Posts tagged labor peace agreements

    Op-ed: With fewer workers choosing unions, administration turns to taxpayer dollars to boost union ranks

    September 19, 2023 // First, some solicitations for grants, such as under the Environmental Protection Agency’s “Clean School Bus” program, ask whether applicants will recognize card check certifications. Card check is a process where workers are denied the chance to vote for or against a union by private ballot. Instead, union organizers are allowed to repeatedly pressure them to sign cards, in public. Both the text of the National Labor Relations Act and numerous court rulings (including by the Supreme Court) have recognized that private ballots are far superior to signature cards in determining workers’ true feelings about unionizing. Apparently, the administration thinks “free and fair” means a free and fair chance for organizers to pressure workers into saying “yes.” Second, many grant solicitations, such as those under the Department of Energy’s “Home Energy Efficiency Contractor Training,” “encourage” applicants to remain neutral in organizing campaigns. What this means is that employers are being asked to waive their statutory right to discuss the potential negatives of unionizing with workers. Instead, workers will get just one side of the story — that of the union. With no other source of information, workers might just decide to say yes, especially when being pressured to sign a card. Third, some applications, such as those published by the National Telecommunications and Information Agency to build broadband, ask applicants to sign labor peace agreements. Labor peace certainly sounds desirable, but here’s what it means in practice. Let’s say a union decides it wants to represent the workers of a particular grantee. Upon notice of that intent, the grantee would have to get the union to sign a labor peace agreement, which typically includes a “no-strike” pledge among other provisions. The catch is that if the union doesn’t sign, you don’t get your grant. This gives the union tremendous leverage to demand organizing concessions, most notably things like card check and neutrality.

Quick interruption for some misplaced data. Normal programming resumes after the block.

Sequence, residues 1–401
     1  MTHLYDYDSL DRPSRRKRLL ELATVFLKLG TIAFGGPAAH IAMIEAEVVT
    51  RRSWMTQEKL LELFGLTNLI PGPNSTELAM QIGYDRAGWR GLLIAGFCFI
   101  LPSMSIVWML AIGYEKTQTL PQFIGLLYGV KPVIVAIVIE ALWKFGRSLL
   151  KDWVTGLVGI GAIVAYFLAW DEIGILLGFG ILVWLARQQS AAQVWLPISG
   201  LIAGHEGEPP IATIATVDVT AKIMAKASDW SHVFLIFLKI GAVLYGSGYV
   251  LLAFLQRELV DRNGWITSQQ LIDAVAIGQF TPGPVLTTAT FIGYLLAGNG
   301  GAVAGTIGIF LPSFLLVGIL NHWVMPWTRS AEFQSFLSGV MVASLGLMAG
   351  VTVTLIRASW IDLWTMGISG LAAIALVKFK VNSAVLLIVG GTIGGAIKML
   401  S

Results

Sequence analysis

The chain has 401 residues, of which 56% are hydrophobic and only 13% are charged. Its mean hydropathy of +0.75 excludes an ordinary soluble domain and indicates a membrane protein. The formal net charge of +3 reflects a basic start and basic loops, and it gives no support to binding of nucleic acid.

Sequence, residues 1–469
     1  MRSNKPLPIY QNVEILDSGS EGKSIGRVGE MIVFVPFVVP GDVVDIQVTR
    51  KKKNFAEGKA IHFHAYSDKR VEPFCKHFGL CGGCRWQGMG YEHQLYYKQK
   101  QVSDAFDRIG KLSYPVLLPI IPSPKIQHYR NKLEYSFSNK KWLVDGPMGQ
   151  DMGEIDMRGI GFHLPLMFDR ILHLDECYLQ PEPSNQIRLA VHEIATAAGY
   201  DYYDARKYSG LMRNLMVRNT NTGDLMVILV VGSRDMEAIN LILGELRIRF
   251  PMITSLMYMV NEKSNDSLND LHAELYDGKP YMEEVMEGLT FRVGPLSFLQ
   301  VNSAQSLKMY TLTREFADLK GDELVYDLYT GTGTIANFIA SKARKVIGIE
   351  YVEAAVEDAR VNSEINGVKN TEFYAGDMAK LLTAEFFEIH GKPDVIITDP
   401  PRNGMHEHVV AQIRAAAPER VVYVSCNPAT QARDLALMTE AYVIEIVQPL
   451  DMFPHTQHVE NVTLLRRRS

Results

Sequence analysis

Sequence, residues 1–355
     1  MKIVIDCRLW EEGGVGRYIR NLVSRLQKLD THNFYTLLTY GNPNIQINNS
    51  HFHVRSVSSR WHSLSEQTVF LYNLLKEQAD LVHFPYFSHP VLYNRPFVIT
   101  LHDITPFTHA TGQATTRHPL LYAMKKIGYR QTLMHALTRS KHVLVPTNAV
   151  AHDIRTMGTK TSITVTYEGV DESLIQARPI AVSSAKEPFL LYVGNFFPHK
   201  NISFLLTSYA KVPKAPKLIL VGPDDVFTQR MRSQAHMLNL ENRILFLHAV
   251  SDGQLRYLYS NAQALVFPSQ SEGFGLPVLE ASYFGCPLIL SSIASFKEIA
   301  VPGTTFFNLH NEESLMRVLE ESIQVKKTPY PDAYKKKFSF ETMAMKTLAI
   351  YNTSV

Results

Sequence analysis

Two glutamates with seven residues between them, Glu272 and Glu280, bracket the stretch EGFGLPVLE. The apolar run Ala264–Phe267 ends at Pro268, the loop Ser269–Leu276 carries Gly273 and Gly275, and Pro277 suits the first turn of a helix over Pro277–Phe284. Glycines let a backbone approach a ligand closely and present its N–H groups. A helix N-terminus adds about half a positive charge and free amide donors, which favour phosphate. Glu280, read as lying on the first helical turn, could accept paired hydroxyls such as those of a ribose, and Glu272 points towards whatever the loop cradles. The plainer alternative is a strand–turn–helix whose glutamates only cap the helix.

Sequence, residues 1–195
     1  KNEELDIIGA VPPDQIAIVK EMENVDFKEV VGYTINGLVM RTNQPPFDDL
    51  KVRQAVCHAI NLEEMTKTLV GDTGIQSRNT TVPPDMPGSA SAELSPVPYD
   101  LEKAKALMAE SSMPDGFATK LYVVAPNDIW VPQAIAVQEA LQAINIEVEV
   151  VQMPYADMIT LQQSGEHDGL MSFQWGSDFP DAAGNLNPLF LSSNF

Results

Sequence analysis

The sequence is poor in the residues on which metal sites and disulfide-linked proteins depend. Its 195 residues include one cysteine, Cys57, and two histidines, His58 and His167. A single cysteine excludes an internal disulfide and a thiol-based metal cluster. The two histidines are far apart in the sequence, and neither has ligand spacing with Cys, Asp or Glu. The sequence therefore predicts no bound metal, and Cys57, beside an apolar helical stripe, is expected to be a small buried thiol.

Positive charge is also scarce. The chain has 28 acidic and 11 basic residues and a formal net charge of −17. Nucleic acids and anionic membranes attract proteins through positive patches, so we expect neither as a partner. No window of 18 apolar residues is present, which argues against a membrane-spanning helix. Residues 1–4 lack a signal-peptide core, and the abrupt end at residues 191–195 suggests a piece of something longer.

First cannabis dispensary workers unionize in CT

    September 7, 2023 // Connecticut’s adult-use cannabis law requires companies to sign labor peace agreements ensuring they won’t prevent employees from organizing. The agreements, sometimes referred to as neutrality agreements, lay out how companies and labor organizations can behave during union organizing. They require employers to remain neutral during a unionization process, while preventing unions from picketing or holding work stoppages.

    Connecticut Public Sector Union Membership in Two-Year Decline

    June 22, 2023 // Labor also benefitted after Connecticut legalized marijuana use by adults in 2021, as the legislation included a provision requiring retailers to obtain a labor peace agreement with a union before being awarded a license. Labor peace agreements are contracts made between an employer and a labor union with the former agreeing not to undermine the latter’s ability to organize the workforce in exchange for the union not to strike, picket or disrupt the employer’s business. Lawmakers always have the option of hiding labor bills in a budget as they did this past session by requiring grocery stores established in food deserts to enter into a labor peace agreement with a union in order to receive municipal tax abatements. Labor unions possess an inherent organizational and financial framework that grants them significant power in identifying candidates, mobilizing voters and promoting individuals who align with their interests, while having the necessary financial resources to achieve these objectives.

    Booming US cannabis industry seen as fertile ground for union expansion

    August 3, 2022 // Union organizing in the cannabis industry has driven a surge of union elections in retail, one of the few industries to experience unionization gains in recent years, winning 18 out of 26 union elections in 2021. The United Food and Commercial Workers and the Teamsters both represent thousands of workers in the cannabis industry and are leading union organizing campaigns to keep up with the pace of the industry’s growth.